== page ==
Inscrit le: 08 Mai 2016
|Posté le: Dim 9 Juil - 11:29 (2017) Sujet du message: English Fairy Tales
English Fairy Tales: - ST. GEORGE OF MERRIE ENGLAND - THE STORY OF THE THREE BEARS - TOM-TIT-TOT - THE GOLDEN SNUFF-BOX - TATTERCOATS - THE THREE FEATHERS - LAZY JACK - JACK THE GIANT-KILLER - THE THREE SILLIES - THE GOLDEN BALL - THE TWO SISTERS - THE LAIDLY WORM - TITTY MOUSE AND TATTY MOUSE - JACK AND THE BEANSTALK - THE BLACK BULL OF NORROWAY - CATSKIN - THE THREE LITTLE PIGS - NIX NAUGHT NOTHING - MR. AND MRS. VINEGAR - THE TRUE HISTORY OF SIR THOMAS THUMB - HENNY-PENNY - THE THREE HEADS OF THE WELL - MR. FOX - DICK WHITTINGTON AND HIS CAT - THE OLD WOMAN AND HER PIG - THE WEE BANNOCK - HOW JACK WENT OUT TO SEEK HIS FORTUNE - THE BOGEY-BEAST - LITTLE RED RIDING HOOD - CHILDE ROWLAND - THE WISE MEN OF GOTHAM OF BUYING OF - - SHEEP OF HEDGING A CUCKOO OF SENDING CHEESES OF DROWNING EELS OF SENDING RENT OF COUNTING - CAPORUSHES - THE BABES IN THE WOOD - THE RED ETTIN - THE FISH AND THE RING - LAWKAMERCYME - MASTER OF ALL MASTERS - MOLLY WHUPPIE AND THE DOUBLE-FACED GIANT - THE ASS, THE TABLE, AND THE STICK - THE WELL OF THE WORLD'S END - THE ROSE TREE THE THREE SILLIES ONCE upon a time, when folk were not so wi-se as they are nowadays, there lived a farmer and his wife who had one daughter. And she, being a pretty lass, was courted by the young squire when he came home from his travels. Now every evening he would stroll over from the Hall to see her and stop to supper in the farmhouse, and every evening the daughter would go down into the cellar to draw the cider for sup-per. So one evening when she had gone down to draw the cider and had turned the tap as usual, she happened to look up at the ceiling, and there she saw a big wooden mallet stuck in one of the beams. It must have been there for ages and ages, for it was all covered with cobwebs; but somehow or another she had never noticed it before, and at once she began thinking how dangerous it was to have the mallet just there. "For," thought she, "supposing him and me was married, and supposing we was to have a son, and supposing he were to grow up to be a man, and supposing he were to come down to draw ci-der like as I'm doing, and supposing the mallet were to fall on his head and kill him, how dreadful it would be!" And with that she put down the candle she was carrying and seating herself on a cask began to cry. And she cried and cried and cried. Now, upstairs, they began to wonder why she was so long drawing the cider; so after a time her mother went down to the cellar to see what had come to her and found her, seated on the cask, crying ever so hard, and the cider running all over the floor. "Lawks a mercy me!" cried her mother, "wha-tever is the matter?" "Oh, mother!" says she between her sobs, "it's that horrid mallet. Supposing him and me was married and supposing we was to have a son, and supposing he was to grow up to be a man, and supposing he was to come down to draw cider like as I'm doing, and supposing the mallet were to fall on his head and kill him, how dreadful it would be!" "Dear heart!" said the mother, seating herself beside her daughter and beginning to cry: "How dreadful it would be!" So they both sat a-crying. Now after a time, when they did not come back, the farmer began to wonder what had happened, and going down to the cellar found them seated side by side on the cask, crying hard, and the cider running all over the floor. "Zounds!" says he, "whatever is the matter?" "Just look at that horrid mallet up there, fat-her," moaned the mother. "Supposing our daugh-ter was to marry her sweetheart, and supposing they was to have a son, and supposing he was to grow to man's estate, and supposing he was to come down to draw cider like as we're doing, and supposing that there mallet was to fall on his head and kill him, how dreadful it would be!"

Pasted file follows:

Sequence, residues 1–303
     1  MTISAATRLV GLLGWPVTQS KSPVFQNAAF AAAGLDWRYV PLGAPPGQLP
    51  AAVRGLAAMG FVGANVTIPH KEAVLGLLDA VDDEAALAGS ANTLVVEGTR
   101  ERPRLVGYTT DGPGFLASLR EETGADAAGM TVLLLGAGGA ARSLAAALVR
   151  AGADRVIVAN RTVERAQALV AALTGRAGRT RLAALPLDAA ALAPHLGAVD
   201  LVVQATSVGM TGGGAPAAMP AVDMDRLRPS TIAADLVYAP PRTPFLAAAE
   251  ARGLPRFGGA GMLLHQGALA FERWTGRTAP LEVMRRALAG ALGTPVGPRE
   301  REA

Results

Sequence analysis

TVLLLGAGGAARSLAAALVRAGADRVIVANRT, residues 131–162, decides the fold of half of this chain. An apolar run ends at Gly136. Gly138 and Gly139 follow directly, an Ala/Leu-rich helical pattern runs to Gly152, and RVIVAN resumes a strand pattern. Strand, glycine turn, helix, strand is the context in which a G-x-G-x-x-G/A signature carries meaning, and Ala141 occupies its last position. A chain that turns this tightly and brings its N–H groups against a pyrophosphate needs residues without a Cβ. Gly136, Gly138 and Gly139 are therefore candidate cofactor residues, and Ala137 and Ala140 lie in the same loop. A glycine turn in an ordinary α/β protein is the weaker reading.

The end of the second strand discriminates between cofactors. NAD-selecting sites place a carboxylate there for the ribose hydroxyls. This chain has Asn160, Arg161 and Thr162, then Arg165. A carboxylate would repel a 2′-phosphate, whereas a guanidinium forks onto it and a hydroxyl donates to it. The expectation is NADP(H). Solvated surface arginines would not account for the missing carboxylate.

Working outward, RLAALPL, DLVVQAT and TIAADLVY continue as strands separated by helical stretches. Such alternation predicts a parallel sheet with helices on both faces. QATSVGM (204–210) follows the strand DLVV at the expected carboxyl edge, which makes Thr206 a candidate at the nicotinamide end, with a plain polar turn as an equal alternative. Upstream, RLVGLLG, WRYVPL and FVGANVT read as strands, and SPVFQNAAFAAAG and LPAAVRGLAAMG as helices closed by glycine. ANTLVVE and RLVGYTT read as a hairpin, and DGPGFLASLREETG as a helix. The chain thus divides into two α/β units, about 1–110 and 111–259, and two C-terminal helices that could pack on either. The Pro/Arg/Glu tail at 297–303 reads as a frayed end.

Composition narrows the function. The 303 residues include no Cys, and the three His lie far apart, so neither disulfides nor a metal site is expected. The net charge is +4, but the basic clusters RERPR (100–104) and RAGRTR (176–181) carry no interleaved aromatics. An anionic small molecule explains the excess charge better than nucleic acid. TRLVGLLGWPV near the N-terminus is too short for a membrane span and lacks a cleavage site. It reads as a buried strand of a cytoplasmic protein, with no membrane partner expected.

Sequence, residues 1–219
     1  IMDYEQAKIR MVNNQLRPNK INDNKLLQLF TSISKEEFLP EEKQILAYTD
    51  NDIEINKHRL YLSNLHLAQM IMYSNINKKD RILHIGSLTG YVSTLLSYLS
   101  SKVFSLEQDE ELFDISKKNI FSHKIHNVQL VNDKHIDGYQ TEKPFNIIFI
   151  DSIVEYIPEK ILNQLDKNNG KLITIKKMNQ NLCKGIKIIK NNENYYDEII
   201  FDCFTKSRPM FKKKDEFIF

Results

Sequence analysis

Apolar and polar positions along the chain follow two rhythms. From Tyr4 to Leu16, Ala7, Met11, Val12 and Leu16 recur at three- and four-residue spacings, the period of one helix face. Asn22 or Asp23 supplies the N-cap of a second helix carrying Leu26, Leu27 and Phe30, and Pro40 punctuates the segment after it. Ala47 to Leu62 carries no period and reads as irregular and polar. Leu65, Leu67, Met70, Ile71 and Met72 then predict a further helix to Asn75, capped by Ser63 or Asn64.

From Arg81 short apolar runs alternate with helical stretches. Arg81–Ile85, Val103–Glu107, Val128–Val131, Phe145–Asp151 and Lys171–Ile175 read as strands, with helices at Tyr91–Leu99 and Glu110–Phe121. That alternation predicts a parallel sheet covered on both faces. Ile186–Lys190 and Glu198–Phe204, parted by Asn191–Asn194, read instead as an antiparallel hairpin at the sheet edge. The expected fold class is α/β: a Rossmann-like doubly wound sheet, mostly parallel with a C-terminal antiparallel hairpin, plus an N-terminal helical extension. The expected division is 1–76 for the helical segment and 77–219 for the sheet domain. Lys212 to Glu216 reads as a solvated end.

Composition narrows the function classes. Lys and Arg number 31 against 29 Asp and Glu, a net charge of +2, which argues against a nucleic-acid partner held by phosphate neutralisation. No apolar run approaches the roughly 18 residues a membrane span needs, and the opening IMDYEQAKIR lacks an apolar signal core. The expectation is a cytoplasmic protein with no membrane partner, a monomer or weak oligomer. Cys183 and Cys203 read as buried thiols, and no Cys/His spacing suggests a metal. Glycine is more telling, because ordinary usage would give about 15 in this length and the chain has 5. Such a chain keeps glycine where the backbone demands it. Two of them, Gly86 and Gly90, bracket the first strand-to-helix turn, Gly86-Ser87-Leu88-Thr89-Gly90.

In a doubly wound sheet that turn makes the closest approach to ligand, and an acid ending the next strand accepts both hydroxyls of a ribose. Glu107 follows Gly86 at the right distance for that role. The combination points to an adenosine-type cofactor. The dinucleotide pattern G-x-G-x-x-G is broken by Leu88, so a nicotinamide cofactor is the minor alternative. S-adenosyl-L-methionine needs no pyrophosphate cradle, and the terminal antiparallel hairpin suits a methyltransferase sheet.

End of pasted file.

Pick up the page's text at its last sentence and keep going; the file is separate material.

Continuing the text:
bound: 410 pages
publisher: CreateSpace Independent Publishing Platform; First Edition edition (May 19, 2017)
isbn: 1546808582, 978-1546808589,
weight: 1.3 pounds (